Silent City or Party Island

If, like me, you are one for a bit of spontaneity and a lover of winter sun, but heavily restricted on time AND money, then late October and November are the perfect time to get away to a tiny island in the Med!

If you look really closely you can almost see it…almost

The island country Malta, officially known as the ‘Republic of Malta’ actually comprises 3 islands; Malta, Gozo and Commino. With a colourful and multi-layered potted history, unique picturesque towns and villages overlooking azure blue seas, holiday resorts and diving spots, Malta has it all, and even in November temperatures can be very mild. A 4 day trip around the two main islands – Malta and Gozo – is very achievable, if you are organised. No morning lie-ins and it’s best to plan your trips the night before to get the most of the place. One great way of seeing a lot is to get a hop-on-hop-off bus tour…of the whole of Malta, then hop over to Gozo on the ferry and do the same there. I’d advise against hiring a car in Malta if you can help it, especially from the airport as they tend to be extortionately overpriced with lots of hidden tricks.

For hotels offers great deals. For cheaper than the price of our flights, we snapped up a spacious apartment-style room in the 5* Le Meridien St Julian’s Hotel and Spa with views overlooking St Julien’s Bay. Surrounded by all the usual amenities and only 15 minutes walk up the road from the bustling party strip of Paceville, we had definitely landed on our feet.

Arriving in the evening meant we only had chance to explore the hotel; cue the spa, jacuzzi, steam room, pool and…chocolate massage – YES PLEASE! This was also time for me to explore the functions of my Olympus ‘Tough’ camera – dust proof, shock proof…and water proof – something I would highly recommend for the adventurous (occasionally clumsy) traveler.

Next morning called for an early start and, after a filling Mediterranean style breakfast we were off exploring. First stop, Mdina, an ancient city dating back more than 4,000 years and according to legend, home to Apostle St. Paul after he was shipwrecked on the islands in 60 A.D. Many believe St. Paul later resided inside the grotto known as Fuori Le Mura (outside the city walls) known now as ‘St. Paul’s Grotto in Rabat’.

Mdina or ‘Silent City’ goes by many other names, including; Valletta, The Fortress City, Citta’ Umilissima, as a result of the many rulers calling the lands of Malta their home over the centuries. Although most prefer its medieval name of ‘Citta Notabile’ or “the noble city”.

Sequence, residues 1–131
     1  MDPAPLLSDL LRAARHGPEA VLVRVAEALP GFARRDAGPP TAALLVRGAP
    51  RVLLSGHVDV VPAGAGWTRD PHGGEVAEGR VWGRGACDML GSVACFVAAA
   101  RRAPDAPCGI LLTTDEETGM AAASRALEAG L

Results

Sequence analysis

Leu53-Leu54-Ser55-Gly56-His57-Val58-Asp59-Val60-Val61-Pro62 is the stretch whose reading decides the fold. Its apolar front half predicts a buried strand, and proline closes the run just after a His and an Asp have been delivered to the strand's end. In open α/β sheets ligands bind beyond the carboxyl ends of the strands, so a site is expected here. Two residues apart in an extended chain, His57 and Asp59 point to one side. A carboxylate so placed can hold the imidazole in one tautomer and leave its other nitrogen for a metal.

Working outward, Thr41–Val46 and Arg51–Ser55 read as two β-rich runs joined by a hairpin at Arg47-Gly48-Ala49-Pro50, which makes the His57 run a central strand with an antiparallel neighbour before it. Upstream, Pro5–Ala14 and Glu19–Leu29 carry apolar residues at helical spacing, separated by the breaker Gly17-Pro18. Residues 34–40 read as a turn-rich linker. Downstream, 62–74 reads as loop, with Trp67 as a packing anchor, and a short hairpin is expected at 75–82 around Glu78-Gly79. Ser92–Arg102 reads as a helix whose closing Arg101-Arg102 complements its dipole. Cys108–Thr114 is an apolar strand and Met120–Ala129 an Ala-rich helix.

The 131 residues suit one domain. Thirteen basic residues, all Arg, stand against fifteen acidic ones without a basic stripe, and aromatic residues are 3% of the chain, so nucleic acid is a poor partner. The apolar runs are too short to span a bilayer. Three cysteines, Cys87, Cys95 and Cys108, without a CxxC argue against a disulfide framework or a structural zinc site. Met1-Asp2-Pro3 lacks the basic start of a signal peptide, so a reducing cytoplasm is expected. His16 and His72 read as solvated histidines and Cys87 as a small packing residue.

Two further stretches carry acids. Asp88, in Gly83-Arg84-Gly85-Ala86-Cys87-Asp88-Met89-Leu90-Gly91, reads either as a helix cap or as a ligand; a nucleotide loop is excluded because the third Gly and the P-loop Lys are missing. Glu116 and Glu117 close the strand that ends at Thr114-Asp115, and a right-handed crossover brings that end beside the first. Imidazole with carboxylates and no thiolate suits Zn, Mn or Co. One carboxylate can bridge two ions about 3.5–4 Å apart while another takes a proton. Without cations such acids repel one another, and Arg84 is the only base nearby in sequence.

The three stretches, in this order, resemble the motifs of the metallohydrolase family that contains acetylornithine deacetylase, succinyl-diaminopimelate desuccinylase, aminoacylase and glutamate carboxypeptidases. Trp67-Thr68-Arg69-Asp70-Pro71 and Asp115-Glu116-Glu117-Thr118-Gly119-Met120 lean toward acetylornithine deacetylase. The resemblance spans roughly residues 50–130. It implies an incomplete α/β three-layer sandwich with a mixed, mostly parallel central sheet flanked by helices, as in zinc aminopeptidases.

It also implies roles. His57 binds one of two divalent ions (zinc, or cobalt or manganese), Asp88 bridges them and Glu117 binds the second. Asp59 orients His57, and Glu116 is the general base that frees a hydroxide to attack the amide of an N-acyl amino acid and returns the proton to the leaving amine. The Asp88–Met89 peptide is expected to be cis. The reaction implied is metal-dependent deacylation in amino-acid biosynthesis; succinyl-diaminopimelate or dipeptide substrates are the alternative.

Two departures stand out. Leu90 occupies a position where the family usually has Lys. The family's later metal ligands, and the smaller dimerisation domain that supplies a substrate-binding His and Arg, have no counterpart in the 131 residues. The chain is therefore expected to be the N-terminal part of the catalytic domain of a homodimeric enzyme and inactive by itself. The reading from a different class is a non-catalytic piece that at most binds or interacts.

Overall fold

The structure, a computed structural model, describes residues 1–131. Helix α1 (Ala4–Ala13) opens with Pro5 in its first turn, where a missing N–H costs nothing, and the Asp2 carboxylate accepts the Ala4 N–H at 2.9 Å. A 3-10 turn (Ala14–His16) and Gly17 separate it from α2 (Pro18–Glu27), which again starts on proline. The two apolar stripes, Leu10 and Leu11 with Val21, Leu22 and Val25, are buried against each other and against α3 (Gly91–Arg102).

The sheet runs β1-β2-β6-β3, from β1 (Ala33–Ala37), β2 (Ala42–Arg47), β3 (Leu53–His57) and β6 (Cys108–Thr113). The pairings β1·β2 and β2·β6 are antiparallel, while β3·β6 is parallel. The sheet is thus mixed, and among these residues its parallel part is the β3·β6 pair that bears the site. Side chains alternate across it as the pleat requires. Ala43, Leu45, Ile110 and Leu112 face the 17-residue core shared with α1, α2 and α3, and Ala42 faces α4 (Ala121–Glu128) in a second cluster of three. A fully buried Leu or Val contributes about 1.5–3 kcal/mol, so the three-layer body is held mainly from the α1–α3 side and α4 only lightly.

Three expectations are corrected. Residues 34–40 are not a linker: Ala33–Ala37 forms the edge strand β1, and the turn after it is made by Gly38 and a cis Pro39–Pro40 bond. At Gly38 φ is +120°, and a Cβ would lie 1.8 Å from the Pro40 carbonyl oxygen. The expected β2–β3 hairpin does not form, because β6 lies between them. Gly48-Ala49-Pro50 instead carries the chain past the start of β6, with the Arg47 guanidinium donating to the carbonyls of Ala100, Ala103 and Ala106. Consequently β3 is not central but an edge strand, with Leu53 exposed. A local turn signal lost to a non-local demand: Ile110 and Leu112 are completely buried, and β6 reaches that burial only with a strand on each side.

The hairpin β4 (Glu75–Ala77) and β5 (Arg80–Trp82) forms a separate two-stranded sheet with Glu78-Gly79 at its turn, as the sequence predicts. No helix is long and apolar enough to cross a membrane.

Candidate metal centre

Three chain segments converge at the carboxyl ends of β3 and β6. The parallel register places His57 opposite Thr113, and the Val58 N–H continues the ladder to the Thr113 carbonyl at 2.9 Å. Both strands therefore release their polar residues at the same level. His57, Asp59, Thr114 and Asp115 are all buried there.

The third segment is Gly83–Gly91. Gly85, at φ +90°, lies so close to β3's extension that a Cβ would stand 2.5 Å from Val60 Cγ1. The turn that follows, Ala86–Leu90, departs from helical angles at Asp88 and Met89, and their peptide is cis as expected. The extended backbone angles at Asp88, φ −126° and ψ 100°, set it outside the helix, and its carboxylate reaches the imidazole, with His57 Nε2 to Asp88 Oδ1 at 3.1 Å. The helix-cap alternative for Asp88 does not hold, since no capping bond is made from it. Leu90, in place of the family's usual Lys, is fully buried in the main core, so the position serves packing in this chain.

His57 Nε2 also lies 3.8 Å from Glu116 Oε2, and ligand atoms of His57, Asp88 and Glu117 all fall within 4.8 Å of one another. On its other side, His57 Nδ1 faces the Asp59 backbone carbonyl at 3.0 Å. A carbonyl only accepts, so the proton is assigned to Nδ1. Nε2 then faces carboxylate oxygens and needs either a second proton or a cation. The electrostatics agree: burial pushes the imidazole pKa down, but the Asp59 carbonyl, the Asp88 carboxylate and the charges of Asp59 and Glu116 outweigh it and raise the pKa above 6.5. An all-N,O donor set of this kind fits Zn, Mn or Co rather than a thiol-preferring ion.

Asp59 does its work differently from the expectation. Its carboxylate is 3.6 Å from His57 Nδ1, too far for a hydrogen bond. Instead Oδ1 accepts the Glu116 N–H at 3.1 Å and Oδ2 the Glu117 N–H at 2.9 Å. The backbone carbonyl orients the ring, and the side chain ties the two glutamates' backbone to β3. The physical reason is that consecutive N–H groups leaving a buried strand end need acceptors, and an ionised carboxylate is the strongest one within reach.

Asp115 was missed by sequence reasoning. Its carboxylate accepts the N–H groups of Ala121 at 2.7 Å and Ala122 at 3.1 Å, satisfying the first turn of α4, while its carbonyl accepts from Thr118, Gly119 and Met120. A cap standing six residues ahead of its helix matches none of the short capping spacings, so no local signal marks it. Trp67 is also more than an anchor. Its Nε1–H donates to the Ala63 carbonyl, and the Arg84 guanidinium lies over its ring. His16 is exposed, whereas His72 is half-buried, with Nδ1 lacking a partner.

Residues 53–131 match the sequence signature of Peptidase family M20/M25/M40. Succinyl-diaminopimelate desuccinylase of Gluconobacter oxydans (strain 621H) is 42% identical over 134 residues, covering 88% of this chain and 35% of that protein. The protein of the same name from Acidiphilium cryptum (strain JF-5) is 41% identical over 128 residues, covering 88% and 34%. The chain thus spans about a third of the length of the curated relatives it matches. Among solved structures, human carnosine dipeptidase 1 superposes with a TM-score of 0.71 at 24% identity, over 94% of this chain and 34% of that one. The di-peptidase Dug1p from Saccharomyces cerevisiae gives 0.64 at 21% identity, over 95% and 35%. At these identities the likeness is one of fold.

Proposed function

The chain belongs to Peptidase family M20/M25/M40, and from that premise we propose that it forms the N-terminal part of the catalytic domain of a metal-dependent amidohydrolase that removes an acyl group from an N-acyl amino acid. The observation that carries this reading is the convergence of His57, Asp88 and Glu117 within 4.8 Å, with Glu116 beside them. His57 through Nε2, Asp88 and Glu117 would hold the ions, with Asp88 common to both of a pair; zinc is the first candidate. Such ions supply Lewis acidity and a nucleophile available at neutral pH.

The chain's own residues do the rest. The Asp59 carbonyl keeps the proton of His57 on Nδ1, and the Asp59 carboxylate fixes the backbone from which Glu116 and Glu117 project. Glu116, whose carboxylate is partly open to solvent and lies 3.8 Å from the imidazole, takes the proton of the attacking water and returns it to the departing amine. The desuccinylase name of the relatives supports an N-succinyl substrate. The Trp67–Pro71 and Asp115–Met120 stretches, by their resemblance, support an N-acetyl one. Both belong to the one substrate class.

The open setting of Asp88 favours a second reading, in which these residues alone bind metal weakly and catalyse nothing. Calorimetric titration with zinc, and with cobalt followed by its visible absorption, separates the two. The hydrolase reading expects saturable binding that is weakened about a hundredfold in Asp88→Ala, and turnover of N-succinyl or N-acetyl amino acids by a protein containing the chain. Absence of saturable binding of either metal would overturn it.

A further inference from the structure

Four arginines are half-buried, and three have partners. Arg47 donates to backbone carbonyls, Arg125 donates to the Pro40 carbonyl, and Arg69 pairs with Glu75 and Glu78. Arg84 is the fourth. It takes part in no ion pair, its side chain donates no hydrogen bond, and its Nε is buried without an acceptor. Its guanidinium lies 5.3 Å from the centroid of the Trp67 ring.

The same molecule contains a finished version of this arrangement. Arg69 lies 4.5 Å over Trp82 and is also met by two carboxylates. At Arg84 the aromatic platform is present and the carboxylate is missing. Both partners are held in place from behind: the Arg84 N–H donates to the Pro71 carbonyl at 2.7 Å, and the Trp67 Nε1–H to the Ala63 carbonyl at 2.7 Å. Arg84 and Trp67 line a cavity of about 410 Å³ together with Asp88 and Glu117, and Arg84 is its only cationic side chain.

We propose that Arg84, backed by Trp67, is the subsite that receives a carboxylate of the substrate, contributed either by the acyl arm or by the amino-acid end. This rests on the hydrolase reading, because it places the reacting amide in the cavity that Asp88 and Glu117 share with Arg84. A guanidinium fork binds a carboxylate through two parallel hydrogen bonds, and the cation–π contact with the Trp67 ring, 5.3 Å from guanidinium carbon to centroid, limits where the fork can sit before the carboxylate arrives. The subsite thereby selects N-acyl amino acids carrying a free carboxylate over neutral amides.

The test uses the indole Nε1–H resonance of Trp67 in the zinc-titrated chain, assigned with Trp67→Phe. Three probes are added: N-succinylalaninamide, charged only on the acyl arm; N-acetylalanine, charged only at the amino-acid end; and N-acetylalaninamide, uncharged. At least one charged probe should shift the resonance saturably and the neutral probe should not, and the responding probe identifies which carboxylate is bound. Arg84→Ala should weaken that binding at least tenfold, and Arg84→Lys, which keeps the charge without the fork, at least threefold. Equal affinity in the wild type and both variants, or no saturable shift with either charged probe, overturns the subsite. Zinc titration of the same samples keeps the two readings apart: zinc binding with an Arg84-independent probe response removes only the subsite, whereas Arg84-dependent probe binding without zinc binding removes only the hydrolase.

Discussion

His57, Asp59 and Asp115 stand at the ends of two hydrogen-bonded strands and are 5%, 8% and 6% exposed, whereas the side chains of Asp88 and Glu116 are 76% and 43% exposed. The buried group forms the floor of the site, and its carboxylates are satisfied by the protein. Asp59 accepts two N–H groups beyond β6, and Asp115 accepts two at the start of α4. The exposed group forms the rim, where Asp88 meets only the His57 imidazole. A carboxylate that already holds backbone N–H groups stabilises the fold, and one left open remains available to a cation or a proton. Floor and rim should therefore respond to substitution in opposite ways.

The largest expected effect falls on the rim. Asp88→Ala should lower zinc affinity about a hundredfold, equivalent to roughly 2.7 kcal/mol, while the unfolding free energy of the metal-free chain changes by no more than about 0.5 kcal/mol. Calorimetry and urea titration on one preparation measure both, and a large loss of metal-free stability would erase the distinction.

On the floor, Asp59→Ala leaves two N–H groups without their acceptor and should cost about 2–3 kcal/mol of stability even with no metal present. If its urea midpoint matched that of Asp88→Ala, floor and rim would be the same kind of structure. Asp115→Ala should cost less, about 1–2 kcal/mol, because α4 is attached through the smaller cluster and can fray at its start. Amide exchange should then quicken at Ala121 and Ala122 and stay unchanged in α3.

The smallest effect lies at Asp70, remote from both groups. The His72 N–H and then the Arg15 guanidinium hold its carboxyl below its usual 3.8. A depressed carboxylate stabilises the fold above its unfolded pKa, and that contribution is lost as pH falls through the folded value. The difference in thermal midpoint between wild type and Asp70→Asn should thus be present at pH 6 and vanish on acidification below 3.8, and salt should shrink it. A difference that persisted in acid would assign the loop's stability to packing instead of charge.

After successfully losing ourselves in the time warp, we wandered out to visit Malta’s most famous glass blowing factory – Valletta Glass. A family run venture and one of Malta’s most respected institutions of handicrafts, all their products are made using the centuries-old famous glass blowing techniques of Venice, Italy.

Now back on the bus, our next stop the equally historical and fascinating, much larger township of Rabat, part of the Roman city of Melita – as confirmed by archaeological relics found testifying to the towns importance and significance during the Roman period.

As a result of such archaeological and historical sites including; The Roman Villa (Domus Romana), catacombs, St. Paul’s Grotto and a fine array of well-preserved churches and monasteries, Rabat is very well established on the tourist map. However, the actual town of Rabat itself is more a commercial center, originally a marketplace owing to its large agricultural hinterland and access to the sea for fishing. Being perched high on a hill also played in Rabat’s favour, giving it advanced warning of any potential invaders. As with any big city, over the centuries various religious orders established themselves throughout the precincts of Rabat to serve the community, each leaving their mark on the city, contributing to the beautiful historical collage of churches that still stand today.

Next stop was a fair mission down to the South East of the island to explore Marsaxlokk, Malta’s prettiest fishing village most famous for its artistically decorated ‘eyed’ fishing boats known as Luzzus that line the harbour. Marsaxlokk was home to the first Phoenicians to arrive in Malta in the ninth Century who set up their businesses there. There is also a delightful little parish church right next to the Sunday fish market that is well worth a visit if you are there; tho if you plan this in advance make sure you don’t visit when mass is taking place, then you’re in with a chance of seeing the famously beautiful interior.

The town is also famous for it’s many fish restaurants, and, surprisingly, PIZZA!! Once you have purchased said pizza you can then go and tuck in on the rocky shores of St Peter’s Pool! Which is exactly what we did, before hopping back on the bus.

After a historical spiritual day we’d worked up quite an appetite, for more food…and partying. We dined at a delightful little laid back restaurant U Bistrot, back in the heart of St Julians’s, near our hotel. Fresh sea food, friendly and attentive staff and a great drinks menu set us up for the finale piece…what I would consider the best chocolate fondant dessert I’ve EVER had! (and that says a lot since I am a chocolate obsessed chocolatier!) Baked to order, it’s well worth the short wait as you can then languish in all it’s gooey chocolatey goodness – a perfect set up to a night in the party strip of Paceville – only a 10 minute walk (or waddle) – up from U Bistrot.

After dinner, waddling down the softly lit streets in the November dusk, the gentle waft of shisha drew us in all directions to bars and shisha dens along the main strip, and before we knew it it was 3am!

Author: ellecoco

A buckaneering chocolatier, fuelled by chocolate, powered by adventure...

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